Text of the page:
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Pulwama Redux Prevented By Indian Forces

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  • Wanted terrorist Riyaz Naikoo was among the three militants killed in the intensified operations of the Indian security forces in south Kashmir early this week. The hiding terrorists were cornered in Pulwama’s Beigpora village when the operation was launched.
  • According to the 2011 census Pulwama district has a population of 560,440. This gives it a ranking of 537th in India (out of a total of 640). The literacy rate of the district is 63.54%.
  • In 1831’s Battle of Balakot, Maharaja Ranjit Singh’s army defeated Syed Ahmad Barelvi and his army. After 2019 Pulwama attacks, a JeM terrorist training camp in Balakot was bombed out by India warplanes
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NZ’s Biggest Media Company ‘Stuff’ Sold For A Dollar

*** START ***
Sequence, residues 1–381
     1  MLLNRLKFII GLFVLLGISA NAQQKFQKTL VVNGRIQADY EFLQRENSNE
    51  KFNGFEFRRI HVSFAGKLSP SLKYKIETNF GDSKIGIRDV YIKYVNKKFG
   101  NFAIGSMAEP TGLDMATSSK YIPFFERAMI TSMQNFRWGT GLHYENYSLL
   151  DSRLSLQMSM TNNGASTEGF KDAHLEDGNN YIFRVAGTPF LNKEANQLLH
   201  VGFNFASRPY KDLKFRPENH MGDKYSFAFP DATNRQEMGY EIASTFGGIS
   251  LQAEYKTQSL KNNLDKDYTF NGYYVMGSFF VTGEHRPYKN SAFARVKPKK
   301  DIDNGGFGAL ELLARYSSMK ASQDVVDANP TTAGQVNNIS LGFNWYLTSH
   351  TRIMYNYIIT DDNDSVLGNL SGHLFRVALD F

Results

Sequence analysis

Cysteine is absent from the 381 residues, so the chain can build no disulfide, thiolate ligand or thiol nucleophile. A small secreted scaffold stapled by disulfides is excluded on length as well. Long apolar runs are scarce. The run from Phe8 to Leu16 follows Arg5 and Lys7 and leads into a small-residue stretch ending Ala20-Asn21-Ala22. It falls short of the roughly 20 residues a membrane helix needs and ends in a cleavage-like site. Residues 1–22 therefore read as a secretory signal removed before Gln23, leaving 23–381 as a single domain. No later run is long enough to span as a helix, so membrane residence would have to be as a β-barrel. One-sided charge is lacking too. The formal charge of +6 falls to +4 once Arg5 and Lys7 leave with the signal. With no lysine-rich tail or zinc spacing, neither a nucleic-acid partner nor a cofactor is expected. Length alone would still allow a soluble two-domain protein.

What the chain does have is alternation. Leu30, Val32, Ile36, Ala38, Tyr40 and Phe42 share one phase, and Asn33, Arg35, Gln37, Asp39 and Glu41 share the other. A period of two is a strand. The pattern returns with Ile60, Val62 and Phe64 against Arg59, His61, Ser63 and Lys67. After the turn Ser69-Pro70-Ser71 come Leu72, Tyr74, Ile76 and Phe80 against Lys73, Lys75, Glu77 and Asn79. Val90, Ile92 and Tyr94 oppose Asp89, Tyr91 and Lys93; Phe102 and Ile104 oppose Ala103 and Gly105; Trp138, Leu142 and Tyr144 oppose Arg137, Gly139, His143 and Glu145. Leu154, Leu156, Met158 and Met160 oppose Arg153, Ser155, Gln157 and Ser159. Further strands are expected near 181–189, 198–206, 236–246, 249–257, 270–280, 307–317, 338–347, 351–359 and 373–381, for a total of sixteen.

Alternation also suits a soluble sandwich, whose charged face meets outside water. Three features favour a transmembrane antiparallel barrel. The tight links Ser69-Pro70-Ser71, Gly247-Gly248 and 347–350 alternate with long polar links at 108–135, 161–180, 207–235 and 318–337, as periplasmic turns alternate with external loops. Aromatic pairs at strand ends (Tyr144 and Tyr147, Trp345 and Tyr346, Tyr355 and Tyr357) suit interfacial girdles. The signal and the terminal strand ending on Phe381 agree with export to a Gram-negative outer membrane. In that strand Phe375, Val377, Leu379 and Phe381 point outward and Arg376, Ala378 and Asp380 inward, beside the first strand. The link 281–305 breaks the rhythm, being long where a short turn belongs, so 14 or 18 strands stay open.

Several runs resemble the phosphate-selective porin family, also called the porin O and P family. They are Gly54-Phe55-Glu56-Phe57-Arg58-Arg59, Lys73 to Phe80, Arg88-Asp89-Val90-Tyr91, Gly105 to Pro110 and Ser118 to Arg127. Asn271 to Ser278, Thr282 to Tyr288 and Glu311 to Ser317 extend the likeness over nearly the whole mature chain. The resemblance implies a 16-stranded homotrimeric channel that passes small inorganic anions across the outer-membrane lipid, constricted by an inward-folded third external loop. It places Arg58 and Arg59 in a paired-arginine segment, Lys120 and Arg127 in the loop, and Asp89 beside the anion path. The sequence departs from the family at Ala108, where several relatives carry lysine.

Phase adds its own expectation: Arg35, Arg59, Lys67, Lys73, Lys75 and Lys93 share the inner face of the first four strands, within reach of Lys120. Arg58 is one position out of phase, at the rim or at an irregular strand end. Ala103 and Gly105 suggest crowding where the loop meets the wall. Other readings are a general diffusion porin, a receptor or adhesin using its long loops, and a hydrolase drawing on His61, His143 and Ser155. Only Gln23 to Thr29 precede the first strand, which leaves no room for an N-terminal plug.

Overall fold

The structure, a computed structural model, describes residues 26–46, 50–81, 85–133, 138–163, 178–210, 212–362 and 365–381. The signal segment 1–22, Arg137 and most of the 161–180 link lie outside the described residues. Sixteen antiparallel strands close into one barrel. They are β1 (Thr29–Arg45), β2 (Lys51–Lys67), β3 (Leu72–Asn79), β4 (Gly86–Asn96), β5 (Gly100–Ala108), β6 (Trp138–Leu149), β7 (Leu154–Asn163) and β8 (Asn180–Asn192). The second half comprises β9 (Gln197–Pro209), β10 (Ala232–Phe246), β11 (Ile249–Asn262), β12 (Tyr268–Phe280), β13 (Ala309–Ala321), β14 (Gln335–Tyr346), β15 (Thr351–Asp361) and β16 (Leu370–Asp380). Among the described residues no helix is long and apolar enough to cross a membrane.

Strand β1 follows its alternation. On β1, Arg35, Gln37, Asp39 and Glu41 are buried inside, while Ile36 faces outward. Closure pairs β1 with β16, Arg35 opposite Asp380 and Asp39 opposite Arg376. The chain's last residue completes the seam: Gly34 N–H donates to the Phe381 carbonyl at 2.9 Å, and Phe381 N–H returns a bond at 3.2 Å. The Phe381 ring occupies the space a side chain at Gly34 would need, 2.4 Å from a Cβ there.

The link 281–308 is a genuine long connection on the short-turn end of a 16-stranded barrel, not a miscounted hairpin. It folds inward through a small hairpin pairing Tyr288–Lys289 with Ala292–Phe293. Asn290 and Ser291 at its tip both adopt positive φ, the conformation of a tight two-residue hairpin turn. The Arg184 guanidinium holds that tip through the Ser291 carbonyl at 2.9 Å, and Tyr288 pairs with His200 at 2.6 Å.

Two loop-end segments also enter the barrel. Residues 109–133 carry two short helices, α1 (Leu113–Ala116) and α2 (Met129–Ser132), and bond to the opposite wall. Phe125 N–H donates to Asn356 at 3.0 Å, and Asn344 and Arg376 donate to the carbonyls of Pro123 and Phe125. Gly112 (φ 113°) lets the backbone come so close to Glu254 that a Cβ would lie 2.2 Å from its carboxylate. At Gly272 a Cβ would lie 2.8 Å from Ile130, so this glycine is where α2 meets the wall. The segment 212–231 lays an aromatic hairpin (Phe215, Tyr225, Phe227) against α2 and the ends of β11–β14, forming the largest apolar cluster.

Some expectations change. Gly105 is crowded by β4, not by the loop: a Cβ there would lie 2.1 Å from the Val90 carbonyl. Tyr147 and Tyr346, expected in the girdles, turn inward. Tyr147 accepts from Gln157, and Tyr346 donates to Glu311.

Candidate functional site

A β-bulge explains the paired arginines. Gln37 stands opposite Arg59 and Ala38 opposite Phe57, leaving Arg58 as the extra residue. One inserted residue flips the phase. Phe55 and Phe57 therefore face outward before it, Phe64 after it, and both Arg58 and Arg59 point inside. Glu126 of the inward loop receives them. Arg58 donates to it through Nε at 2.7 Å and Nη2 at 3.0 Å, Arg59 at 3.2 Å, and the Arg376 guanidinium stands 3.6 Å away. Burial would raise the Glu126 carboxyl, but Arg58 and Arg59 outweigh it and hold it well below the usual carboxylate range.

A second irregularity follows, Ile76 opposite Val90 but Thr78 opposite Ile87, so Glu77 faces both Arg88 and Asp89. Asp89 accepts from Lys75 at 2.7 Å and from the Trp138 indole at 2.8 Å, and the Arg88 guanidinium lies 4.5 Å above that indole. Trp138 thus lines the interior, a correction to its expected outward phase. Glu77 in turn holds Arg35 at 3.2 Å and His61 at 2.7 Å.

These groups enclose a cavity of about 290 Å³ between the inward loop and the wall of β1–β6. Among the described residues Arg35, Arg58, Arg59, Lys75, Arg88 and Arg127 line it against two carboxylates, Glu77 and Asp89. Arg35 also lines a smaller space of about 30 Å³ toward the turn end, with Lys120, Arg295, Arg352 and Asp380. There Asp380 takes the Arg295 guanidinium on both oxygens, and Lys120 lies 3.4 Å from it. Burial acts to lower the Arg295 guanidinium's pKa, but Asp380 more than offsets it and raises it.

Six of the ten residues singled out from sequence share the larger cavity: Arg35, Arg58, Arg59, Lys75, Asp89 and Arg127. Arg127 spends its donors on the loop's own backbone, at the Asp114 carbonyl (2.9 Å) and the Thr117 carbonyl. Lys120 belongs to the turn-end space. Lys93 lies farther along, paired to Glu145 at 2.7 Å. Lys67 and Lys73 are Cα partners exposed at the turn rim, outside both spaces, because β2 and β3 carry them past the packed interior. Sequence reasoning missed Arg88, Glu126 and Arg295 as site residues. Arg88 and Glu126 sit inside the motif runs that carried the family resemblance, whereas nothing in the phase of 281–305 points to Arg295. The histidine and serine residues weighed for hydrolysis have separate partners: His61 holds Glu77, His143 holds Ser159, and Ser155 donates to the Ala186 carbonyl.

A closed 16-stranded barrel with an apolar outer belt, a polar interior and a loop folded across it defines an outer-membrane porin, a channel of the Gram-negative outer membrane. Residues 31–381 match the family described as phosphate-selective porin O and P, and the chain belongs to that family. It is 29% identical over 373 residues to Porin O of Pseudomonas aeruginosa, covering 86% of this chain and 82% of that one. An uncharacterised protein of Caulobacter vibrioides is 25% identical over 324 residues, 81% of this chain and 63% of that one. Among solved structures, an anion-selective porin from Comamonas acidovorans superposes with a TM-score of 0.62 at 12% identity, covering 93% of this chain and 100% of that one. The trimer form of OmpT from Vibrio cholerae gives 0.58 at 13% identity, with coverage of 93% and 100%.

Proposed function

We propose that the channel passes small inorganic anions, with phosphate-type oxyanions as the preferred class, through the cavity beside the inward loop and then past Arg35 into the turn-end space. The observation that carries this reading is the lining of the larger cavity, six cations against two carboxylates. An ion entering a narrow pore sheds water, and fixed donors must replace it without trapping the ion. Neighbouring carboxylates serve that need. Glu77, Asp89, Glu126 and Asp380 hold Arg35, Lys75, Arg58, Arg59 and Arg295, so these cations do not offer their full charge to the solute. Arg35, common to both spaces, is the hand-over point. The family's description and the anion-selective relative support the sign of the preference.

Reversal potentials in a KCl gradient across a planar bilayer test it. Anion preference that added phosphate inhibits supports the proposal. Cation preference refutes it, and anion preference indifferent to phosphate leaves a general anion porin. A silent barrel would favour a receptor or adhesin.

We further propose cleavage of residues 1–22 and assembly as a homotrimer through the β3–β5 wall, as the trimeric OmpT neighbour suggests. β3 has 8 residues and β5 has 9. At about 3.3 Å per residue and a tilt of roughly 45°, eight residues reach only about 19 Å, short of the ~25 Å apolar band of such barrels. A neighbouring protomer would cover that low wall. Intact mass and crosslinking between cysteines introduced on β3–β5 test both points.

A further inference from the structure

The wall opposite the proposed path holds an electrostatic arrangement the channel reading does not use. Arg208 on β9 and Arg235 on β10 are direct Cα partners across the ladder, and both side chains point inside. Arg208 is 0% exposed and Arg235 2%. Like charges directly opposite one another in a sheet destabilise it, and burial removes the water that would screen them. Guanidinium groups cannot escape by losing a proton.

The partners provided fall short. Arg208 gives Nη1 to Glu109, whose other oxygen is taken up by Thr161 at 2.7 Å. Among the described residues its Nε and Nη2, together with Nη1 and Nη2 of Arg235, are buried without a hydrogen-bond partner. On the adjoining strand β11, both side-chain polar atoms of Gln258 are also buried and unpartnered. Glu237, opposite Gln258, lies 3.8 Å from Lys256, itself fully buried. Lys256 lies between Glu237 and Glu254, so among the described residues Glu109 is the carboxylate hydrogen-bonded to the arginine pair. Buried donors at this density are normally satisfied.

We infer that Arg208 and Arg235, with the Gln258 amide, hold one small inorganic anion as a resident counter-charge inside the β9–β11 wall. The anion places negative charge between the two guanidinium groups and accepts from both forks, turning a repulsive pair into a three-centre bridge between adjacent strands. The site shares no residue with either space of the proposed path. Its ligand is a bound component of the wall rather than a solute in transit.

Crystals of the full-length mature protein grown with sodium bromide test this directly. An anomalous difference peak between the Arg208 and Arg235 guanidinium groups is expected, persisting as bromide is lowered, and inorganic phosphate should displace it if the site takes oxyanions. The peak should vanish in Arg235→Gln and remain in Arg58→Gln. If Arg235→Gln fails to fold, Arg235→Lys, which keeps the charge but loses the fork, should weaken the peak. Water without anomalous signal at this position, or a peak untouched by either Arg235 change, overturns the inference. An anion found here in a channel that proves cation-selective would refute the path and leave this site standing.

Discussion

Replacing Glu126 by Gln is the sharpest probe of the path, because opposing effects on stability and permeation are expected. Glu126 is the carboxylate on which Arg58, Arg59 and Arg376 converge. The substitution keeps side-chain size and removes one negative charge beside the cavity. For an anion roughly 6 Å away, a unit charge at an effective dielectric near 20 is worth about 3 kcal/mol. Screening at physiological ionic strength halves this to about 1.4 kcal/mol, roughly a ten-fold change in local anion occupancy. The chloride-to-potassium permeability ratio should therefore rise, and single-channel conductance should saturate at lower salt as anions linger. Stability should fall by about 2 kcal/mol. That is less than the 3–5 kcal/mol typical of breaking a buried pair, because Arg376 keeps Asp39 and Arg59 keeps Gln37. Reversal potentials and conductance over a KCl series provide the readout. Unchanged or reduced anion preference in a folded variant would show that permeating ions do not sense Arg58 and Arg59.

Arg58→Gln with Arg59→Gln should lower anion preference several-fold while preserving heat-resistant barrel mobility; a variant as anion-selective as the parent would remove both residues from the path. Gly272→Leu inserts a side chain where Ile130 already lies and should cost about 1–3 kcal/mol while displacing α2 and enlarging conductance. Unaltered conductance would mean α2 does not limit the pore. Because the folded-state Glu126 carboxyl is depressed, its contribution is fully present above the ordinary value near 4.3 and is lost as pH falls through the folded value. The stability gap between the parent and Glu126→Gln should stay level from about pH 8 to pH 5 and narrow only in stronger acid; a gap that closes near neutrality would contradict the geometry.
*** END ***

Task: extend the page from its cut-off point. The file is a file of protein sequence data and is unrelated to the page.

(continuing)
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  • New Zealand is located in the continent of Oceania. The term Oceania is often used to denote the wider region encompassing the Australian continent, New Zealand and various islands in the Pacific Ocean that are not included in the seven-continent model.
  • Ronald Wayne is a retired American electronics industry businessman. He co-founded Apple Computer Company (now Apple Inc.) as a partnership with Steve Wozniak and Steve Jobs. Just 12 days after founding Apple, Ronald sold his 10% share of the new company back to Jobs and Wozniak for $800. Today, the net worth of those 10% shares is more than $100 billion!
  • In 2016, Yahoo sold its core operating business to Verizon for $4.8 billion in cash. The transaction resulted in the end of the independence of one of Silicon Valley’s most iconic pioneering companies. At its peak, Yahoo was valued at $125 Billion. Forbes magazine called this deal the “Saddest $5 Billion Deal In Tech History”.
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Hockey Legend Balbir Singh Sr No More

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  • During the London Olympics in 2012, Singh was honored in the Olympic Museum exhibition, “The Olympic Journey: The Story of the Games” held at the Royal Opera House. He was one of the 16 iconic Olympians chosen whose stories served as an example of the values of the Olympic Movement.